Hugh Reilly: School takes a back seat to sex, image and Twitter

TEACHERS in Scotland will be heartened that the Scottish Survey of Literacy and Numeracy (SSLN) does not make grim reading for the profession.

According to the statistics, kids appear to peak at P7, with performance significantly declining thereafter. It’s only anecdotal, but my guess would be that there are several possible reasons for the fluctuating fortunes. At P7, fledgling youngsters are about to flee the comfort zone of the primary school nest. Moving to secondary holds some fears, but a big plus is that it offers an opportunity to wipe the slate clean.

Fast forward two years, and the child is undergoing that difficult period known as adolescence, a period when youngsters rebel and question much of what takes happens in school (and in the home!). Any chalkie will tell you that S2 is the most, erm, challenging year group to educate. The hormones are jumping and ill-discipline rears its ugly, angry head.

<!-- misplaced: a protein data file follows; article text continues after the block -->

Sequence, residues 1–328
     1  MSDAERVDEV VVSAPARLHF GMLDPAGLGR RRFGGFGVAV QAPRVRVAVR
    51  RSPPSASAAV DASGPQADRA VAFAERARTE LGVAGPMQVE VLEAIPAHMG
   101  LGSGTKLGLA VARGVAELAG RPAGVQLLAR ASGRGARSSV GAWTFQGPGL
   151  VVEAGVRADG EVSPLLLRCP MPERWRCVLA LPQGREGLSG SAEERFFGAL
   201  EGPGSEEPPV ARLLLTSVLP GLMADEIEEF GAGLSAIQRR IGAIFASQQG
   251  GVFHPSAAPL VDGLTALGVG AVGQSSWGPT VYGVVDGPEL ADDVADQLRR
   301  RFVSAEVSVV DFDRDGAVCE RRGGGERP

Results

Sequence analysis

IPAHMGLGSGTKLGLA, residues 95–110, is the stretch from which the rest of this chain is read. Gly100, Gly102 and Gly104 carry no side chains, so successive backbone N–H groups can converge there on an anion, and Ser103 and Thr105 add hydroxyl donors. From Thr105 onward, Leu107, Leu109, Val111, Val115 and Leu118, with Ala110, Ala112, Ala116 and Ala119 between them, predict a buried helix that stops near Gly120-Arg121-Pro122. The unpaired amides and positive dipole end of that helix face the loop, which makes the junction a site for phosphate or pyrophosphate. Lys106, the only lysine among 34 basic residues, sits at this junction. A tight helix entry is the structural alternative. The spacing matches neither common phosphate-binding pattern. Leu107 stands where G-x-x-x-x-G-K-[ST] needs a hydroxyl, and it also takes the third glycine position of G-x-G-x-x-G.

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At this tweenie age, school takes a back seat to new interests such as the opposite sex, self-image and, nowadays, an addiction to social media. The 92 per cent of P4 who gave positive responses to the statement “I enjoy reading” dwindles to just 62 per cent in S2. If one assumes that books do not suddenly lose quality, the variable in the equation is the motivation of the reader. The year I retired, I recall asking an S2 class: “How many of you are currently reading a book?” Only three hands were raised. Kids who had voraciously devoured their next reading book in the “wee school” had turned a new page in their lives.

Mums and dads upset at the apparent decline in literary standards by S2 would do well to reflect how much assistance they offer – and how much is accepted – by their 14-year-old child. With all manner of electronic audiovisual feasts at the touch of their fingers, no wonder the writing is on the wall for reading skills.

• Hugh Reilly is a former secondary school teacher.